The sixth week, the teens did not show up at their assigned spots. They were still at church, but in the pews with their own families. What do you think the question was in the pews that morning? Where are those teens?
Parishioners soon found out as they walked to their cars in the parking lot after Mass. They discovered printed invitations on their car windshields that simply read, “Did you miss us? Come to the hall?” Curious now, many parishioners went back into the building, where they passed between two rows of teens giving them a standing ovation.
That church community hasn’t been the same since. Many creative ministries are happening there now, all kick-started by the teens who knew where to stand.

God’s Mercy 4-8-2018

April 8th, 2018

Last year Pope Francis called a wonderful jubilee of mercy. I was so excited when he did this and I really wanted to make it a special year for myself and the people of the parish. What I had to do first, I had to get a better understanding of what is mercy, exactly. To some people’s modern ears it sounds like weak surrender or cheap forgiveness or even worse, the self-satisfied flinging of a coin to a homeless person. I did not want to let Pope Francis down so I began my search to understand mercy better.
As I was looking I came across a definition of mercy by a Jesuit priest name Fr. James F. Keenan. “Mercy” he says is the willingness to enter into the chaos of another. This definition unlocked my imagination, and I was immediately flooded with images and stories.
Mercy is the Holy Child Jesus Church community in Queens. When a desperate mother left her newborn son in the church’s manger scene in late November, multiple parish families stepped forward to adopt him. “I think it’s beautiful,” Fr. Christopher Heanue, the church administrator, said. “A church is a home for those in need, and she felt, in this stable – a place where Jesus will find his home – a home for her child.” Parishioners have two name suggestions for the baby: John, because he came before Jesus to prepare the way; and Emanuel, which means “God is with us.”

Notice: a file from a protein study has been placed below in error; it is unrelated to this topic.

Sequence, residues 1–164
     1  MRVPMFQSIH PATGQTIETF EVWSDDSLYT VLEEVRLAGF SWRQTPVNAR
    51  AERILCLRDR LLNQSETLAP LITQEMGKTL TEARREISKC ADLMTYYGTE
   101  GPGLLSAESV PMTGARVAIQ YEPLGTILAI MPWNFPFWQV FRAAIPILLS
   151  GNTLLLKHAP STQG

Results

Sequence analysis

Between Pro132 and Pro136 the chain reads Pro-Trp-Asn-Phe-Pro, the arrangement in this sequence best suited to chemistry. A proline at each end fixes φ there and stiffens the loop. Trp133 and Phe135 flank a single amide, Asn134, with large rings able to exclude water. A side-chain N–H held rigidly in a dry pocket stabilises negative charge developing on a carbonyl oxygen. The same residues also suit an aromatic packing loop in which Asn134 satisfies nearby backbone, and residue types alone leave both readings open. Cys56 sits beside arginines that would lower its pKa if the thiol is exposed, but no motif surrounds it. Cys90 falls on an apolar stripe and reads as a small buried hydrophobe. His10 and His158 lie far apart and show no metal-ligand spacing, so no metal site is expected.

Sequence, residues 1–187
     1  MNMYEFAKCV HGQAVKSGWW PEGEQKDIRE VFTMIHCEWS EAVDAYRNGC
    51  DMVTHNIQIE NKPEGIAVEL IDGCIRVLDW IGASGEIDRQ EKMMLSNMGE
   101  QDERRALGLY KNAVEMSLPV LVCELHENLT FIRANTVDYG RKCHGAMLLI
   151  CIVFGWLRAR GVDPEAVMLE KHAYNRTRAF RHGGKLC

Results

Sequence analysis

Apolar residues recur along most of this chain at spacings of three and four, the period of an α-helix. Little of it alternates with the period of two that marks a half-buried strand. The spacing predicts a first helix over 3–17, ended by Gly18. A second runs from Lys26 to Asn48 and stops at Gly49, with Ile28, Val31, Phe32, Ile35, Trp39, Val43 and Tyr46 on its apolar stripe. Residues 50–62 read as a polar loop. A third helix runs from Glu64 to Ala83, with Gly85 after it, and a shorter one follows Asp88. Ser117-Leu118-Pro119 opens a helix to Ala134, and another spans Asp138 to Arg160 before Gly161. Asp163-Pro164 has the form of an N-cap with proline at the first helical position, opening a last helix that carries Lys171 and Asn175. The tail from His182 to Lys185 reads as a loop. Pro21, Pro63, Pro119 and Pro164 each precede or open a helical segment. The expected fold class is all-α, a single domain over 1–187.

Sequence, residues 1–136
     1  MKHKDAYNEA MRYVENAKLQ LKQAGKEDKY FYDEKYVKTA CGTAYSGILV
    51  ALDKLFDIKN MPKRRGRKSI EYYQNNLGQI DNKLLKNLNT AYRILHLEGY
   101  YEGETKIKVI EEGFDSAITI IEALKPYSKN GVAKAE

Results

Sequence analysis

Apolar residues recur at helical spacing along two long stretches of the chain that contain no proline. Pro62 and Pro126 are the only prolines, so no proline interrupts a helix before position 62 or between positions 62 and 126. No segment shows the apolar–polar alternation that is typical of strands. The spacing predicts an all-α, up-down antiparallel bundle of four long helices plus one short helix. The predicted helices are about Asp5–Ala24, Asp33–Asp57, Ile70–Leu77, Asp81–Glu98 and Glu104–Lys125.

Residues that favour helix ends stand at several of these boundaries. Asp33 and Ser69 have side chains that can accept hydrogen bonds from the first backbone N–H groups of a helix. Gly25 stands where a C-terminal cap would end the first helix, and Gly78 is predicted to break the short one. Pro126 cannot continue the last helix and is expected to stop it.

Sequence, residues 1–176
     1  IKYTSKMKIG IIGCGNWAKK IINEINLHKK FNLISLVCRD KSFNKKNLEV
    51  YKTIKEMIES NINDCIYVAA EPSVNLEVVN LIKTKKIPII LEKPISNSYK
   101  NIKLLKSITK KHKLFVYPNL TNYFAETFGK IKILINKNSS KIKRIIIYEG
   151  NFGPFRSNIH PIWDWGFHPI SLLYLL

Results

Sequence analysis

Mercy is the Intergenerational Learning Center at Providence Mount St. Vincent in Seattle – a preschool inside a nursing home. Through planned and spontaneous activities, the kids and the seniors interact throughout the day, sharing in art projects, exercise, story time, and more. Both the youngsters and the residents have a lot to offer one another and a lot to receive.
Mercy is a mother who sleeps on the floor of her three year-old son’s room at 2:00am because he thinks there are monsters in there.
Mercy is Oakland Athletics pitcher Sean Doolittle and his girlfriend Eireann Dolan, who partnered with Chicago city government officials to organize Thanksgiving dinner for the city’s 17 families of Syrian refugees . And mercy is the nonprofit organizations – many of them Catholic – that have proclaimed “Refugees welcome” in states were elected officials have threatened to close their doors.
Mercy is when a person returns to the Sacrament of Reconciliation after decades, nervous as can be and embarrassed to have forgotten the act of contrition, and the confessor responds with warmth, gentleness, and bit of good humor.
Mercy is the hashtag #PorteOuverte, or “Open Door,” that scores of Parisians used on the night of the terror attacks there to signal that they would open their homes to anyone who needed shelter.
Mercy is Rosa’s Fresh Pizza in Philadelphia, where you can spend an extra dollar to have a post-it put up on the wall. Homeless members of the community are then welcome to come in to the shop and trade in a post-it for a slice.
Mercy is the Gospel stories of the prodigal son, the woman caught in adultery, Matthew the unscrupulous tax collector, and Peter the denier. The forgiveness they receive does not condone them in their selfishness. They are not condoned, but redeemed.
These images of mercy share some things in common. Each example features the element of “willingness” that Keenan emphasizes. Instead of avoiding or dismissing the chaos of another, these practitioners of mercy move toward the chaos with creativity and boldness. They make me wonder, “If we Catholics were 10 times bolder and more creative in our practice of mercy than we are right now, how might things be different?” Well, we’d probably have preschools in all our nursing homes and refugees at all our family parties, for starters.
I close, Mercy the willingness to enter the chaos of another human being. Thank you God for the mercy you show all of us.